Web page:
Afghanistan Helmand province Taliban
Afghan National Army (ANA) soldiers drive at an outpost in Helmand province Abdul Malik/Reuters

In a throwback to the September Kunduz siege, Taliban militants and Afghan security forces are engaged in intense fighting in Helmand province after the insurgents mounted high-profile attacks against government targets. The Islamists have captured government buildings including the police headquarters in Sangin district in Helmand.

Local reports suggest government forces in Sangin have begun to pull back after they were overrun by the Taliban. At least 150 police officers have reportedly fled the city to the outskirts fearing for their lives.

The fighting broke out in Helmand hours after the province's Deputy Governor, Mohammad Jan Rasoolyar, warned the region was on the verge of falling into Taliban hands. In a Facebook post directed at Afghan President Ashraf Ghani, Rasoolyar wrote: "I know that bringing up this issue on social media will make you very angry. But I cannot be silent any more ... as Helmand stands on the brink. Ninety men have been killed in Gereshk and Sangin districts in the last two days."

Officials in the districts, who claimed about 90 Taliban extremists were killed in the clashes, have asked for reinforcements from the Kabul administration as they are running out of weapons.

"Our units do not have sufficient weapons like AK-47s; if weapons are provided, security will be maintained," said Mohammad Sharif, governor of Greshk district.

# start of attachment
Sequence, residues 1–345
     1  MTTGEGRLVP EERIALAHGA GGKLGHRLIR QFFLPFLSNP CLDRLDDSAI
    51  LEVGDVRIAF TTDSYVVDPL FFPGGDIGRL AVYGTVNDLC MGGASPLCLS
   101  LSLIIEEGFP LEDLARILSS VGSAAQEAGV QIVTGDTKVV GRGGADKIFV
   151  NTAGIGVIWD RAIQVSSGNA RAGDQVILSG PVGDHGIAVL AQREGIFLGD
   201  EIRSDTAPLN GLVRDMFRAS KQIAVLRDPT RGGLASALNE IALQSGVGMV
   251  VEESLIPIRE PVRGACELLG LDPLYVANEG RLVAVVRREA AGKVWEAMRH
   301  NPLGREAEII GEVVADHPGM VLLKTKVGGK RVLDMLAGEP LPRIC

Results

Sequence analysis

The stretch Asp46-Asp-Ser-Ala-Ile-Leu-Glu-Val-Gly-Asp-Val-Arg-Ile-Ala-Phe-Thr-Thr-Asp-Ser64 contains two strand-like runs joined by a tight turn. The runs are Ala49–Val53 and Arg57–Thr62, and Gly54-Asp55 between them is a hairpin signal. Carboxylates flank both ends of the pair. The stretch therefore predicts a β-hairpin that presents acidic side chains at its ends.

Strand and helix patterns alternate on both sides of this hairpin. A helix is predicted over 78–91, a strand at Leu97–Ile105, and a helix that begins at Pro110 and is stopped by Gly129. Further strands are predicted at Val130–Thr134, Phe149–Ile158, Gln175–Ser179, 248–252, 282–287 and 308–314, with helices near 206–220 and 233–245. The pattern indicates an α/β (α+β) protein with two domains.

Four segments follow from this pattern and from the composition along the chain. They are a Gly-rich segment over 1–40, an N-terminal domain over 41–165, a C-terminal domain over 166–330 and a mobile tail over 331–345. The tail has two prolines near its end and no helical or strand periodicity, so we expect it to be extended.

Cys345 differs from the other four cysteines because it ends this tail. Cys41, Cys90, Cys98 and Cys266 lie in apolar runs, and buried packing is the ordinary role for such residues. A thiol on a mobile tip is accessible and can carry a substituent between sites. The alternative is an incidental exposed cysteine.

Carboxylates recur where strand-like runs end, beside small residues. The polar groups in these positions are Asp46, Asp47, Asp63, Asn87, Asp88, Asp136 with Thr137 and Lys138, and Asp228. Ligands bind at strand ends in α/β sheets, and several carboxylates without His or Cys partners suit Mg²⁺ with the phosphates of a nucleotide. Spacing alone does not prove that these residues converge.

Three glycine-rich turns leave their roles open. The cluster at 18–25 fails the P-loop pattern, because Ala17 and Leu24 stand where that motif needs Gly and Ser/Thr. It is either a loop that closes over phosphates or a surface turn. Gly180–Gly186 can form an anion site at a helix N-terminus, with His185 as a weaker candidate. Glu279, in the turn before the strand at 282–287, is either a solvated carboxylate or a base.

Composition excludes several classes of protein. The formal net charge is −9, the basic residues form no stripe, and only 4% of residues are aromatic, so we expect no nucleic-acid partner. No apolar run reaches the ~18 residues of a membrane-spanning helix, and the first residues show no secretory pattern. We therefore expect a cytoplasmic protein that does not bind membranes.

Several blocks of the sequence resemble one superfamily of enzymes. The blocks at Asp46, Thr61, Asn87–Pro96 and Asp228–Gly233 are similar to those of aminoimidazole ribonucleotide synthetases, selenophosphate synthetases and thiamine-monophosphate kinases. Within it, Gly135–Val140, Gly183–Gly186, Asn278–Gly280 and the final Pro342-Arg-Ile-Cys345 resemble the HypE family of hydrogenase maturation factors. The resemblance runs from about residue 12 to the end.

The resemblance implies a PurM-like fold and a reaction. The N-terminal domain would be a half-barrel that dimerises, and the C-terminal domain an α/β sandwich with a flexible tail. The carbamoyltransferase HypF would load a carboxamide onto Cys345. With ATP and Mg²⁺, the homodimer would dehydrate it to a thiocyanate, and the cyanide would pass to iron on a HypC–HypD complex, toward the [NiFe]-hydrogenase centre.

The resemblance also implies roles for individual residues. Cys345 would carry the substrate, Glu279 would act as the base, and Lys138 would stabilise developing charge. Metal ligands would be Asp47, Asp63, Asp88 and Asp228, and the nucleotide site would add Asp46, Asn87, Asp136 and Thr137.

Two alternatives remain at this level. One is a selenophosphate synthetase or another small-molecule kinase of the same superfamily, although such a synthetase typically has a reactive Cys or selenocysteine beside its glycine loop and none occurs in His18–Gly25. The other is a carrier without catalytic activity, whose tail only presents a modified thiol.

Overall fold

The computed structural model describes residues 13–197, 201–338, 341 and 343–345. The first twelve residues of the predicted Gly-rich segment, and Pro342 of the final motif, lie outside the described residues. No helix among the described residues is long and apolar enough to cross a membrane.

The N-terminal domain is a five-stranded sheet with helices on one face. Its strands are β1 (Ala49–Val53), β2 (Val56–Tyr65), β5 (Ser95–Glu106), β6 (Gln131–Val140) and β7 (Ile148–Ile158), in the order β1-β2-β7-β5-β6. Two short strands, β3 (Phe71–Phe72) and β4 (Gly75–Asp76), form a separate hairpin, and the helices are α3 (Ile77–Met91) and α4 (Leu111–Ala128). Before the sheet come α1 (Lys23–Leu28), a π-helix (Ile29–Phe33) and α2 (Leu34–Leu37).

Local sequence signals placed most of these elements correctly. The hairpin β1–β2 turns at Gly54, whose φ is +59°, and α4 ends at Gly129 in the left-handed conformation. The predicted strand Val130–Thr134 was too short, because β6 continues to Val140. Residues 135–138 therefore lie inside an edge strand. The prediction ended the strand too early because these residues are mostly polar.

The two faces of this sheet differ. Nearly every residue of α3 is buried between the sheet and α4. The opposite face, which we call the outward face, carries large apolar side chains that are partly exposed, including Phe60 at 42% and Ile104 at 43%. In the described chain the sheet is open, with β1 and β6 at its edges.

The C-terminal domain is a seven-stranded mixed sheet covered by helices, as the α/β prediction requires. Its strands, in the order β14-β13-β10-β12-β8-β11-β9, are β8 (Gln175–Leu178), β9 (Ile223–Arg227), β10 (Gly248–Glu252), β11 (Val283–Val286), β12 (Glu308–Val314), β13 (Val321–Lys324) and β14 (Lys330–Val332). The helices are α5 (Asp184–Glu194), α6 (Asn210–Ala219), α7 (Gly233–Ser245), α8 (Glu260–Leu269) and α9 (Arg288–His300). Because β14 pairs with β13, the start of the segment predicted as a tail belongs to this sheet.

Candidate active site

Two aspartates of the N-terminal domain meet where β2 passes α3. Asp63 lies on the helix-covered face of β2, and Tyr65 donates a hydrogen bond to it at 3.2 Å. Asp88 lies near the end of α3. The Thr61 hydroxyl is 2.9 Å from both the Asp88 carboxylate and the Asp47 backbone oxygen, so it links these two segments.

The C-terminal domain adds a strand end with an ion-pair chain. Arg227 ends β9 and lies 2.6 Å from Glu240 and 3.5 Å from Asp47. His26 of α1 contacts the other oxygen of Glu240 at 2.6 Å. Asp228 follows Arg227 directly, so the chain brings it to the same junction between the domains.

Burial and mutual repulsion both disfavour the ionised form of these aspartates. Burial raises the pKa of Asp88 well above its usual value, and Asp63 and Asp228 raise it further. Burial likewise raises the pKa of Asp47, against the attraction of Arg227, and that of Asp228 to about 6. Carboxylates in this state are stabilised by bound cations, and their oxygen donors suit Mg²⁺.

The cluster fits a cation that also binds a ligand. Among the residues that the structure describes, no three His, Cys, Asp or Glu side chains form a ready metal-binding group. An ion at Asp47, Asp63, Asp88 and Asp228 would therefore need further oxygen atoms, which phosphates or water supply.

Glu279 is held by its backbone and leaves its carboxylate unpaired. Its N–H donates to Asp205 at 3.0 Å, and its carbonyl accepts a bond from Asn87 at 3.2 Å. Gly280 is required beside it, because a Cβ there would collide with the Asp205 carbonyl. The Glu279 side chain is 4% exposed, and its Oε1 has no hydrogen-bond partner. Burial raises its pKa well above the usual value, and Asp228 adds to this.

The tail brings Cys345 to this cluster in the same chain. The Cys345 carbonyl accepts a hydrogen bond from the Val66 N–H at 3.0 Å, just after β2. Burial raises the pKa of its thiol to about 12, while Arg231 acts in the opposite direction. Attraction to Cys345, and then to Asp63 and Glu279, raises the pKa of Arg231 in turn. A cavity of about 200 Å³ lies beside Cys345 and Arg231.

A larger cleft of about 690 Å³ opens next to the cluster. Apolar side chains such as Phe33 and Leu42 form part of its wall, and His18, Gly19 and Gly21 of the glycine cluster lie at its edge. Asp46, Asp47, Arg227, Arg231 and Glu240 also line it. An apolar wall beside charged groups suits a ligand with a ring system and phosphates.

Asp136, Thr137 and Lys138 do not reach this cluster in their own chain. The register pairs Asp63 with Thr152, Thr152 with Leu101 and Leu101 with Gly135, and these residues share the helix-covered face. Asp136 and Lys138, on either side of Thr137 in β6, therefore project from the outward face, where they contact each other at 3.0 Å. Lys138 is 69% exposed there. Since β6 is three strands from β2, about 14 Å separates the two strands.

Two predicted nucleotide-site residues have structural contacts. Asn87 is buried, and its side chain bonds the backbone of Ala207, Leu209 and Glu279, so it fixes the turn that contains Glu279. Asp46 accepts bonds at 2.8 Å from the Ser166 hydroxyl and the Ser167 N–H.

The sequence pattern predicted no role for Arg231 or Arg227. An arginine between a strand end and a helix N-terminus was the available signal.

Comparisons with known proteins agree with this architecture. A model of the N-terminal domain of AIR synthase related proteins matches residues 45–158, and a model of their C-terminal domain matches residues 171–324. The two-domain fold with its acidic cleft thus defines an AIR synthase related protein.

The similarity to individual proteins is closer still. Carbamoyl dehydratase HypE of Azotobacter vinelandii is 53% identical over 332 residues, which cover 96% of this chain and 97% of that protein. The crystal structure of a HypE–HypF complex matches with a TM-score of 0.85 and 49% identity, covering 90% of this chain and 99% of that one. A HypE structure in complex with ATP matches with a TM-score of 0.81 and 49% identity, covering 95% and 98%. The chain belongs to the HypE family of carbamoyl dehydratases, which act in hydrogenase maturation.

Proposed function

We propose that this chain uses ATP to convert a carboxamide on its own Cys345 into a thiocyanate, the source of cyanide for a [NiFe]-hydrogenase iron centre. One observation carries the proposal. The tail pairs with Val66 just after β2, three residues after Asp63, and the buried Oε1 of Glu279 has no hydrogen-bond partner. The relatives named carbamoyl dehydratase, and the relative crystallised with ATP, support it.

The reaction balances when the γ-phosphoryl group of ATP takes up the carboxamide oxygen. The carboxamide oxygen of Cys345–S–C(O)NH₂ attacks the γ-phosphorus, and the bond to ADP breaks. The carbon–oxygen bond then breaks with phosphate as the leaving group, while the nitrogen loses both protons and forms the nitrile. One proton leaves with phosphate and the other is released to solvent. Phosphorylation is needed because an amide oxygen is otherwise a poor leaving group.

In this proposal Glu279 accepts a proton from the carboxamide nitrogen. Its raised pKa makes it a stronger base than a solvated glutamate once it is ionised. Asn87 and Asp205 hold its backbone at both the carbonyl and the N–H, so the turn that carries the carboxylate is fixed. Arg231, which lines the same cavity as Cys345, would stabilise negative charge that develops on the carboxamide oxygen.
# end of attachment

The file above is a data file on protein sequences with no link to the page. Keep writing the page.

Police chief Mohammad Ismail echoed similar concerns adding: "The enemy extended threats on us following the fall of Nawzad, Musa Qala and Sangeen districts, then we conducted a tactical retreat to secure Greshk."

The federal administration in Kabul has denied the deaths of 90 security personnel but did not offer any information on the Helmand unrest. The presidential office has also not responded to Rasoolyar's request.

The security situation in Helmand is much similar to Kunduz, which was seized by the Islamists when they launched a massive armed operation in September. Concerns were raised over the Kunduz capture, though brief, as the militants were able to get hold of a large cache of weapons from seized buildings. Local reports had said the Taliban took away both heavy and light weapons from the security forces in late September and early October emboldening them to launch further assaults. Officials assert the weapons have already found their way to battle-fields.

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